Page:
About halfway through the concert, the lights went out. About a minute later, the lights came back on, and there was Enrique, thirty feet in front of us on a mini stage. It was a mad rush to the fence, as girls screamed “Que guapo!” and climbed over the 15-foot fence to be closer to him. It was chaotic but no one got hurt, that I saw. He sang a couple songs, and I squinted to see him. I’m near sighted and didn’t have my glasses on, so I just imagined that his face looked the exact same way it did 15 years ago. He’s like the male version of Halle Berry. He just doesn’t age. Men and women’s camera’s lit up all over the arena to document this event. I was glad I hadn’t brought my camera, because doing so just distracts me from being in the moment. Everyone knows what Enrique looks like, and this story is enough proof that I went. After dancing and jumping for an hour, I forgot that I’d been so cold. It was an unforgettable night. Emily and I just smiled at each other as if to say, “Yup, we are dancing in the rain at an Enrique concert in Nicaragua. It’s just another day”. A year ago, I had no idea I’d be doing this.
We left just before it ended to avoid the crowds, and danced up the stairs. We then walked back down the highway amidst an impressive amount of traffic and tiny taxis nearly overflowing with people. We took a cab back home and I crashed by 2 AM. 4 hours later, I woke up to get ready for the day. I ate some watermelon and walked briskly to the UCA bus station, since there were no cabs I could call at this hour. I took an expreso van to Masaya to teach STEP, which is an English class for Nicaraguan English teachers. Most Nicaraguan English teachers don’t have anyone to practice their English with, so this is a great opportunity for them to get better at speaking and writing in English. I sipped on a huge can of Java Monster Coffee, and the taste of the chemicals overwhelmed me. I’m so much more sensitive to chemicals. I didn’t need Taurine or Guarine in my body, just some caffeine for moral support. Since Nicaraguans aren’t as germaphobic as Americas, I gave the rest of it to the guy sitting next to me. It’s more socially acceptable to do this kind of thing here, because it’s bad to waste anything that someone else might enjoy. He couldn’t handle the chemicals either. After a few sips, he put it away in the pouch in front of him.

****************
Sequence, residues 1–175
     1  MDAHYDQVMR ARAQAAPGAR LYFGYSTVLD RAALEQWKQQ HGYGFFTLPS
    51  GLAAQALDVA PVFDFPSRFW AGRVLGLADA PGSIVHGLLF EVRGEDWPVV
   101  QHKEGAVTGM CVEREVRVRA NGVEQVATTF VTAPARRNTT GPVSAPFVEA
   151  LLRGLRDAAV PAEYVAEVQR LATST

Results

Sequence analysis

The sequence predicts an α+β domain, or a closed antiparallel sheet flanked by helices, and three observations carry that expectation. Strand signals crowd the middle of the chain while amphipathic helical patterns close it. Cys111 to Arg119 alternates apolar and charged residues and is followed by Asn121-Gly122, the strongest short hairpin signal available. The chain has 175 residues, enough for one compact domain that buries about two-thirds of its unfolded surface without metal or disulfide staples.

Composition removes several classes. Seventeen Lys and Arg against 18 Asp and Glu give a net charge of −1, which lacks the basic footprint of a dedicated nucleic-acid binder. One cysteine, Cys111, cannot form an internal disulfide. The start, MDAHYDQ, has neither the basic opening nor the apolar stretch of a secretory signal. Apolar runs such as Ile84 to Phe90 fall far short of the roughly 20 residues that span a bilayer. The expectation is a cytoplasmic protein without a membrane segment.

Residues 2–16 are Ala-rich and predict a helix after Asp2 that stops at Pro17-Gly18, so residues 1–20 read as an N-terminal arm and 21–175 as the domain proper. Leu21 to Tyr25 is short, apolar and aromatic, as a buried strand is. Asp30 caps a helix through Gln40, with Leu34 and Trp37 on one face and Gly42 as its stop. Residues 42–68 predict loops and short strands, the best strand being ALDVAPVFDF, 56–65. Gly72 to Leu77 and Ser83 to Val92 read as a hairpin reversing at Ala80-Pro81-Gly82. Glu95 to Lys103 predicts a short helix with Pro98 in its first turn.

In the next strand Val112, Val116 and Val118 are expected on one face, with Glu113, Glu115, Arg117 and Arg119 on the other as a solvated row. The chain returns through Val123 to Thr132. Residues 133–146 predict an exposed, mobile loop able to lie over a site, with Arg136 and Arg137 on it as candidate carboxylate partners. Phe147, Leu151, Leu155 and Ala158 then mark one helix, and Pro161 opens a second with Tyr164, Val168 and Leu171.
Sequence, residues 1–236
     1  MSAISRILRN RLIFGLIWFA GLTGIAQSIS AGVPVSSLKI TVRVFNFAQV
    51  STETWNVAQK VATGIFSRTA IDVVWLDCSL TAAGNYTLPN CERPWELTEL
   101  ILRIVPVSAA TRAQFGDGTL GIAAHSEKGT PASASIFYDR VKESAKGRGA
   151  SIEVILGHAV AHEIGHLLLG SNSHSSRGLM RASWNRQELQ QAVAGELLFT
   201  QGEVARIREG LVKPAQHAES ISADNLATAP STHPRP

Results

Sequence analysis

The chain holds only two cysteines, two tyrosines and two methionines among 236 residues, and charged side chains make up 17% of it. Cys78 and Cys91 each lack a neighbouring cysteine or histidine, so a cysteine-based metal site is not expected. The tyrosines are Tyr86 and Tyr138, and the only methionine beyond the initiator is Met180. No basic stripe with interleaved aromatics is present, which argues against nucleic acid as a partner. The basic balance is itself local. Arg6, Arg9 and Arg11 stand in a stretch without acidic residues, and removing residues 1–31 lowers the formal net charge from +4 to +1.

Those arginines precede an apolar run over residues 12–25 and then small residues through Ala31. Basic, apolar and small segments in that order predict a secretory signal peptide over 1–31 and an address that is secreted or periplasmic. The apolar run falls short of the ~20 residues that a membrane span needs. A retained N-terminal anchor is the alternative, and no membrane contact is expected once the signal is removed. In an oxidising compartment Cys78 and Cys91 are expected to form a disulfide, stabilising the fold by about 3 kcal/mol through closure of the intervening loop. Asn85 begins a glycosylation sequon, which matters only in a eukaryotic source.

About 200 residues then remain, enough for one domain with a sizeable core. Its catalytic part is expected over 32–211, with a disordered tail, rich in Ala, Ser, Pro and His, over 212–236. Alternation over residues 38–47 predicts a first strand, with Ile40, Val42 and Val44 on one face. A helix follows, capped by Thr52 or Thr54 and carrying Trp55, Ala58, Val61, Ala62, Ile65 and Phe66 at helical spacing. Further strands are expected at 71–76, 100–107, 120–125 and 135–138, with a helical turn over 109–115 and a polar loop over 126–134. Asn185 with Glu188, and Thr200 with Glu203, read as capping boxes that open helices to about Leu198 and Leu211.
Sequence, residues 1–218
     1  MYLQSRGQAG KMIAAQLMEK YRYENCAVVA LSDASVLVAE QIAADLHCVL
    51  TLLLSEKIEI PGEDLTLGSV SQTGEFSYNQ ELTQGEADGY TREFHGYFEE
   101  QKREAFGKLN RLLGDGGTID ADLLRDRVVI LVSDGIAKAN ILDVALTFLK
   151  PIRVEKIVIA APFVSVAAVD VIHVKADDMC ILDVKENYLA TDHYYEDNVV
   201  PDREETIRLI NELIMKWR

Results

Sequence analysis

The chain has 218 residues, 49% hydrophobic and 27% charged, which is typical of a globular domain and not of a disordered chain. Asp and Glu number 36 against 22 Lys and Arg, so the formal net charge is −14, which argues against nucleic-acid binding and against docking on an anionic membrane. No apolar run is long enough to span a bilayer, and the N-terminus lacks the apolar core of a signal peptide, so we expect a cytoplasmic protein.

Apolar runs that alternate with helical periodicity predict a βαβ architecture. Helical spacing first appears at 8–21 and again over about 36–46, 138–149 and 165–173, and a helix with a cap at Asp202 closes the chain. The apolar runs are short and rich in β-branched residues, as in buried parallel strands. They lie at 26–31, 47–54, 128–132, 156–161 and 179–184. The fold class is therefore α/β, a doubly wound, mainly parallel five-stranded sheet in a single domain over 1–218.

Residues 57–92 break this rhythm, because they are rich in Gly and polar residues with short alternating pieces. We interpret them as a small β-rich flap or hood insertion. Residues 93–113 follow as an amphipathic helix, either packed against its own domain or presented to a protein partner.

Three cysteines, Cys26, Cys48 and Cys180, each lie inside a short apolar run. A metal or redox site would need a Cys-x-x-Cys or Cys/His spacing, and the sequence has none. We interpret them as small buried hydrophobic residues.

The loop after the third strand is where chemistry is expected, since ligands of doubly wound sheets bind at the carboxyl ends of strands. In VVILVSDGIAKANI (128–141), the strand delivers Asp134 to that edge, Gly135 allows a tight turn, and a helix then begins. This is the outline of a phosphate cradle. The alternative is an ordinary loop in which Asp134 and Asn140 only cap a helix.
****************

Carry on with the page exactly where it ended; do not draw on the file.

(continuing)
I ended up teaching and grading tests from 8 until 3, then I joined Corey and Emily to finish off the weekend at the Laguna de Apoyo. It’s a volcanic crater that filled with water. It’s also my favorite place in Nicaragua, because it’s quiet, clean, and insanely beautiful. I checked into my dorm room at the Laguna Beach Club, then jumped into the water in time to watch the sunset. The water was as warm and gentle as ever. The waves shimmered in the sunlight, which progressively faded away as the sun set behind a plume of bright red clouds. I lay on a floating dock by myself to enjoy this moment. I’d just danced barefoot in the rain and then woke up at the crack of dawn to teach all day. I went from having a blast with thousands of people to being comfortable alone. Howler monkeys called out to one another in their deep voices, and birds chirped to say goodnight. It was a relaxing end to an unforgettable weekend.